Experimental -O3 Optimizing The Linux Kernel For Better Performance Brought Up Again

Written by Michael Larabel in Linux Kernel on 23 June 2022 at 06:18 AM EDT. 80 Comments
LINUX KERNEL --
A set of patches have been posted for making the "-O3" compiler optimization level more easily accessible when building the Linux kernel but still it's not recommended and some kernel developers do not even want to see it as a Kconfig option.

Right now there exists the "CC_OPTIMIZE_FOR_PERFORMANCE_O3" Kconfig option to set the "-O3" optimization level when building the kernel for making use of that higher optimization level over the default -O2. The hope is that the GCC or Clang compiler will better optimize the kernel for better performance, but right now that option is only exposed for the ARC CPU architecture port.

While -O3 optimizing user-space application builds is commonly done for achieving better performance, with the complexity of the kernel and the very large code-base it's prone to possible errors or incorrect behavior with the low-level kernel code. Thus -O3'ing the kernel isn't widely carried out due to the possibility of likely subtle and possibly difficult to notice/detect problems.

But there is interest by enthusiasts in -O3 optimizing the kernel for greater performance and/or by developers in building with the higher optimization level to try to uncover bugs within the Linux kernel code and/or the compiler itself where optimizations go awry.


Miko Larsson sent out a set of patches this week that would allow CC_OPTIMIZE_FOR_PERFORMANCE_O3 to be flipped on for non-ARC architectures -- i.e. make it available for all Linux kernel builds. It also marks the option clearly as being an "EXPERIMENTAL" feature.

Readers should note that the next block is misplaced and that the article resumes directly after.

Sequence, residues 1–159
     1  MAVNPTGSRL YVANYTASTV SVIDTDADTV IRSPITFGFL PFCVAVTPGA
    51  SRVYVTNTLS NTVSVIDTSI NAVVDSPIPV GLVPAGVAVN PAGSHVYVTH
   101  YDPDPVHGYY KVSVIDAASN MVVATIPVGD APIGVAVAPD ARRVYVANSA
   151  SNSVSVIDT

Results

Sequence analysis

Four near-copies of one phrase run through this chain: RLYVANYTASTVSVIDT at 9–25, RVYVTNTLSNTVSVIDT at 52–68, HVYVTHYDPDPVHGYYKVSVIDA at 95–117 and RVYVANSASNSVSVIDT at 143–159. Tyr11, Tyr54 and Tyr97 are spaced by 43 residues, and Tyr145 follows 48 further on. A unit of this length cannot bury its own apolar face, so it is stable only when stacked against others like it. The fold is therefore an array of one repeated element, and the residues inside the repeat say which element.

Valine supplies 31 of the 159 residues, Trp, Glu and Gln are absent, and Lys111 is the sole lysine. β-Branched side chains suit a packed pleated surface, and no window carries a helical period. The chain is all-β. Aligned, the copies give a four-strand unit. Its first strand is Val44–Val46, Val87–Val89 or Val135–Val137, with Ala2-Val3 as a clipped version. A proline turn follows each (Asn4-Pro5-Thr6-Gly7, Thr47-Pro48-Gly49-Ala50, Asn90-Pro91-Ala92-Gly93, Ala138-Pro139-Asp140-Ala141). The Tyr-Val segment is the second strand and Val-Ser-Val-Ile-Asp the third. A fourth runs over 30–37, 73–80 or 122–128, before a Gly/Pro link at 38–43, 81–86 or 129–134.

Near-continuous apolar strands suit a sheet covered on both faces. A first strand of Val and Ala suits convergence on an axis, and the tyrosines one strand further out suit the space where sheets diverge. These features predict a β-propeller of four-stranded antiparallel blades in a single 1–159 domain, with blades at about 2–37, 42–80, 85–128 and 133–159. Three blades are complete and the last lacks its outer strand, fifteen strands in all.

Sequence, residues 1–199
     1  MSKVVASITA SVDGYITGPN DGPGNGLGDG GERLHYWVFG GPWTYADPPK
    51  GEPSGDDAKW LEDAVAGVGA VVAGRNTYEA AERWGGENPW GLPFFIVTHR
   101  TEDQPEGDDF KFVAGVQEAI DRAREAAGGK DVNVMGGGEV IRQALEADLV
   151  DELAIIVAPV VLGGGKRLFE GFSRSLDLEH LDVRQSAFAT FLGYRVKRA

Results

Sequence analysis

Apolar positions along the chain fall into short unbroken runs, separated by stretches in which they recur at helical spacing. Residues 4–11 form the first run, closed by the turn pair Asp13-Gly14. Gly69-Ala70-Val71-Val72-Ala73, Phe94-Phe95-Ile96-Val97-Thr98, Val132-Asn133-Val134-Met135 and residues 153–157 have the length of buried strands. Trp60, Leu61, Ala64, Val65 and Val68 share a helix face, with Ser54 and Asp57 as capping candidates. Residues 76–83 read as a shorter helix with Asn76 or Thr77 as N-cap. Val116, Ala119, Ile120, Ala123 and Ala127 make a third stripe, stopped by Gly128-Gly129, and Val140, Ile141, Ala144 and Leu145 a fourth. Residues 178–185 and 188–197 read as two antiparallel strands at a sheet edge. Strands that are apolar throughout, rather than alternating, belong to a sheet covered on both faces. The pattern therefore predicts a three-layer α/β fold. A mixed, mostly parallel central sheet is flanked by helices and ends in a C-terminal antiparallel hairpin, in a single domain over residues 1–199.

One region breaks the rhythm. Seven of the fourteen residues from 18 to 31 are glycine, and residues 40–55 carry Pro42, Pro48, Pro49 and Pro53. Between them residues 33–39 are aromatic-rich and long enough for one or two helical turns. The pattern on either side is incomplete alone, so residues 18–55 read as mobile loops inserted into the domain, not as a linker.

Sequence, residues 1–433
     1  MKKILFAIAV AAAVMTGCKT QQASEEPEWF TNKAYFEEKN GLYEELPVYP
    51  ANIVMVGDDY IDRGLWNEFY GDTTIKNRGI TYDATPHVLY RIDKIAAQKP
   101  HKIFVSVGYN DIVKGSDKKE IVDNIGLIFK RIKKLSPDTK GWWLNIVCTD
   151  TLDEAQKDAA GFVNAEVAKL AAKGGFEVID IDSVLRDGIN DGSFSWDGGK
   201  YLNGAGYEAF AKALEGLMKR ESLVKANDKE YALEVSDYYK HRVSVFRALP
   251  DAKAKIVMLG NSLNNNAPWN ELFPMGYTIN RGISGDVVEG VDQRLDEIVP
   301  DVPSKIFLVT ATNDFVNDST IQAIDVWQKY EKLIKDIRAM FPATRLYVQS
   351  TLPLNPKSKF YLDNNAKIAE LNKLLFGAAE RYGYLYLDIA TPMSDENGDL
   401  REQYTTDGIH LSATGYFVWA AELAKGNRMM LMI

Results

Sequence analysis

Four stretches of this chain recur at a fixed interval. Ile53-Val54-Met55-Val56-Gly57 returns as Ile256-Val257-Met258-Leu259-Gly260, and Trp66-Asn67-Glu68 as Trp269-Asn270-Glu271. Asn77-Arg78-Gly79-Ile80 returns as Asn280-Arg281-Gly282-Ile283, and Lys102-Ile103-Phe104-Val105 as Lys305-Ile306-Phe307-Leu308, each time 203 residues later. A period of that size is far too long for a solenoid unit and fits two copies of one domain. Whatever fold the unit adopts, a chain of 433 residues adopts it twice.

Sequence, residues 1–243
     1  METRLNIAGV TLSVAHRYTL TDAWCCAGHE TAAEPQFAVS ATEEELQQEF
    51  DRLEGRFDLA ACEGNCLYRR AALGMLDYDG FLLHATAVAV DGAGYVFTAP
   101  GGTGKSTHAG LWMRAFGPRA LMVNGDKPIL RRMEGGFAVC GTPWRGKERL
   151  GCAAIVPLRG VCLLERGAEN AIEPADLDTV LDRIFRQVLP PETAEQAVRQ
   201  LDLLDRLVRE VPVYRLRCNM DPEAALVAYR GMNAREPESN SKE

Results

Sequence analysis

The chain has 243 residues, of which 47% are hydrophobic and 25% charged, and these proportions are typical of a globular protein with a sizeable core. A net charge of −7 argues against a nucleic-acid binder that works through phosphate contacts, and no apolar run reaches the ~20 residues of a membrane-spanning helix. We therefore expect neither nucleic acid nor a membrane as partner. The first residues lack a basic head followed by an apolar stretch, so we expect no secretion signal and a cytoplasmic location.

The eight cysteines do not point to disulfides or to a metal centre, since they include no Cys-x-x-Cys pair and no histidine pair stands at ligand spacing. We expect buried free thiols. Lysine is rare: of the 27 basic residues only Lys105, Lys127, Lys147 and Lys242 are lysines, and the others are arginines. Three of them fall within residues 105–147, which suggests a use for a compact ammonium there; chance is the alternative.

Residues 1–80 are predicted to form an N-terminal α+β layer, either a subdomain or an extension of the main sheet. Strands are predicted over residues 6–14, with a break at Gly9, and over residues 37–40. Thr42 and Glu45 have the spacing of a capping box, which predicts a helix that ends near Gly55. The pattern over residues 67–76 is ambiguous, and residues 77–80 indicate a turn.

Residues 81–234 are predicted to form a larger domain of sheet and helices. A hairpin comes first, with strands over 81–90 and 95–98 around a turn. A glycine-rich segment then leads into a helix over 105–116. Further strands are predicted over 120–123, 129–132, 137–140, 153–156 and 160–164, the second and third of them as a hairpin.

The patch series is out for review. It has been suggested though about possibly removing the option even though it's always been used on ARC. The suggestion is for those interested in "experimental features" could just build the kernel using make KCFLAGS=-O3 to achieve the same O3 optimized build. Generally the upstream Linux kernel developers are quite conservative in aggressive compiler features just intended for performance gains when it can mean subtle bugs / hard to detect issues. But we'll see if anything more comes from this most recent discussion over the -O3 compiler optimizations for Linux kernel builds.
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Michael Larabel is the principal author of Phoronix.com and founded the site in 2004 with a focus on enriching the Linux hardware experience. Michael has written more than 20,000 articles covering the state of Linux hardware support, Linux performance, graphics drivers, and other topics. Michael is also the lead developer of the Phoronix Test Suite, Phoromatic, and OpenBenchmarking.org automated benchmarking software. He can be followed via Twitter, LinkedIn, or contacted via MichaelLarabel.com.

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